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Man Dies After 350 Coins In His Belly!!

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18 replies to this topic

#1
Alpha

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By JEFF DONN, Associated Press Writer

BOSTON - French doctors were taken aback when they discovered the reason for a patient's sore, swollen belly: He had swallowed around 350 coins — $650 worth — along with assorted necklaces and needles.

 
The 62-year-old man came to the emergency room of Cholet General Hospital in western France in 2002. He had a history of major psychiatric illness, was suffering from stomach pain, and could not eat or move his bowels.

His family warned doctors that he sometimes swallowed coins, and a few had been removed from his stomach in past hospital visits.

Still, doctors were awed when they took an X-ray. They discovered an enormous opaque mass in his stomach that turned out to weigh 12 pounds — as much as some bowling balls. It was so heavy it had forced his stomach down between his hips.

Five days after his arrival, doctors cut him open and removed his badly damaged stomach with its contents. He died 12 days later from complications.

One of his doctors, intensive care specialist Dr. Bruno Francois, said the patient had swallowed the coins — both French currency and later euros — over about a decade. His family tried to keep coins and jewelry away from him.

"When he was invited and came in some homes, he liked to steal coins and eat them," Francois said.

The case history of the French patient, whose name was withheld, was reported in Thursday's New England Journal of Medicine (news - web sites).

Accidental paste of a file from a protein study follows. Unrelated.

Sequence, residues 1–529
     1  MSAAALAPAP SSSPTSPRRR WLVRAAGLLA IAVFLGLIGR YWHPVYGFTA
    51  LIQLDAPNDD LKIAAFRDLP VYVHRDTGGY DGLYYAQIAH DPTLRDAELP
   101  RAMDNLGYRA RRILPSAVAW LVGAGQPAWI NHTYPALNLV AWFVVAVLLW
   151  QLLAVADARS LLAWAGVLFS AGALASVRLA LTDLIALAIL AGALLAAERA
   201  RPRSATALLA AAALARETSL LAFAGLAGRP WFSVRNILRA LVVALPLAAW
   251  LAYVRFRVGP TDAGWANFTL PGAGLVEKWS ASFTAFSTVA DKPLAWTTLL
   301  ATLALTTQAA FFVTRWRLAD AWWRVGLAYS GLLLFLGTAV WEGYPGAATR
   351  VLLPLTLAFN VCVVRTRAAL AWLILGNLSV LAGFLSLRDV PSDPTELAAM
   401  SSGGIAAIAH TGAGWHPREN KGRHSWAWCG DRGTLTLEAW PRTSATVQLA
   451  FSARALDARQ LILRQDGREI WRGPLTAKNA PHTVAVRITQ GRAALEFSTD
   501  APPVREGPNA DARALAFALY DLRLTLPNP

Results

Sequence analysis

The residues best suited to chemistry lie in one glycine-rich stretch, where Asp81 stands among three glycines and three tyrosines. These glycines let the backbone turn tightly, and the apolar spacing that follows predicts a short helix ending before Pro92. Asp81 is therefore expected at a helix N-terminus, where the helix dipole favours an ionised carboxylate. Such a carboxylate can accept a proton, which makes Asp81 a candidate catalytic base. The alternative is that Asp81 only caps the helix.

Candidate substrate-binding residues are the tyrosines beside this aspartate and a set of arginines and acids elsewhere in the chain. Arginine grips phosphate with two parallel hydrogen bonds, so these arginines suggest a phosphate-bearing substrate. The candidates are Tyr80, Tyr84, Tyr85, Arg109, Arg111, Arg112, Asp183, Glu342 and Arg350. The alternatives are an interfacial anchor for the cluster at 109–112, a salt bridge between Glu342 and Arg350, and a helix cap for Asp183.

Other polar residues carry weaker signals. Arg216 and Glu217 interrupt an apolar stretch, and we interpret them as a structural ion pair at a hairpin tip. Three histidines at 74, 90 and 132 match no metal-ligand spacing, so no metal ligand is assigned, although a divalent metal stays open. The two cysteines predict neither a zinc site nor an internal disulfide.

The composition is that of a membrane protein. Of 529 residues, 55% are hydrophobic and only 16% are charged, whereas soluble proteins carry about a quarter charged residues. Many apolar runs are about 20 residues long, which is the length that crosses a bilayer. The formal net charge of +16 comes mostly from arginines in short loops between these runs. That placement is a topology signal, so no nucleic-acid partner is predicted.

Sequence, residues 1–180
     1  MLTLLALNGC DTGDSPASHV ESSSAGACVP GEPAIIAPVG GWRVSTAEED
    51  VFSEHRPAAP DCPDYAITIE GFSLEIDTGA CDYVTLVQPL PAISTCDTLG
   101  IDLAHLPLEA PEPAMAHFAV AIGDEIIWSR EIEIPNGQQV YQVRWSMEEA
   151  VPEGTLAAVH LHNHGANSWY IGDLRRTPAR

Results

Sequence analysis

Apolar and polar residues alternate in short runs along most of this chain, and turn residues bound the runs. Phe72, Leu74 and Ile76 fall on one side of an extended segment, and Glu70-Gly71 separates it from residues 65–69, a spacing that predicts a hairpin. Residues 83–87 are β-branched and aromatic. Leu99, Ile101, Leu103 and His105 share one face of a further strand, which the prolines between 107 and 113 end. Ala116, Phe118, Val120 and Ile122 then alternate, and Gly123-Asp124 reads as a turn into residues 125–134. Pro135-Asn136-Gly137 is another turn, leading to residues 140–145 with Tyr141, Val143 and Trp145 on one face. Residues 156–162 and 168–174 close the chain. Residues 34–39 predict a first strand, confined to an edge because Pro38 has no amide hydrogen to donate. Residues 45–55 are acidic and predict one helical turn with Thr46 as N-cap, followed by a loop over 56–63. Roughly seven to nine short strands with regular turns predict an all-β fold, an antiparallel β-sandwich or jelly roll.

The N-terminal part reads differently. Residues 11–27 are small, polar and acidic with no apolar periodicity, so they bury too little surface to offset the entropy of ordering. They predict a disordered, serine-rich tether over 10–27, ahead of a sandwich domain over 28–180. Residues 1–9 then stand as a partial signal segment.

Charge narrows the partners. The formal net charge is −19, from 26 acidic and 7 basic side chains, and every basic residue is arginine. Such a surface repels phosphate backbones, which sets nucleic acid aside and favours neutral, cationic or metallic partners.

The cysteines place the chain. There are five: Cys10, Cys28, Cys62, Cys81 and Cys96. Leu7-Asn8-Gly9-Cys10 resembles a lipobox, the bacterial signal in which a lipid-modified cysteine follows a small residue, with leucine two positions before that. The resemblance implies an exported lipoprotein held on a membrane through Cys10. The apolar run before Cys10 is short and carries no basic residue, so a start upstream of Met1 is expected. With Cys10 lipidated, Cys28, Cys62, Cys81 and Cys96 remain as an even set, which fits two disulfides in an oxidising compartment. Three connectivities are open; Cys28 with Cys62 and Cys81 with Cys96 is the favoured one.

The patient's rare condition is called pica, a compulsion to eat things not normally consumed as food. Its name comes from the Latin word for magpie, a bird thought to eat just about anything.

Pica can take the form of eating dirt, ashes, chalk, hair, soap, toothbrushes, burned matches and many other things. Francois once treated a patient who ate forks. Most such objects are small enough to pass on their own, but some must be removed by doctors.

The condition is perhaps best known in children and pregnant women but is also sometimes linked to psychiatric illness.

A few details of the Frenchman's case were presented Jan. 1 along with the X-ray — but no explanation of the stomach mass — as a challenge to New England Journal of Medicine readers in a fixture called "A Medical Mystery."

Dr. Lindsey Baden, an editor at the journal, reported that 666 readers in 73 countries — mostly doctors or doctors-in-training — contacted the journal to try to solve the mystery. Almost 90 percent settled on diagnoses consistent with pica, but only 8 percent correctly identified coins.

"This case serves as a reminder of important factors that should be considered in the care of patients who are mentally impaired," Baden wrote.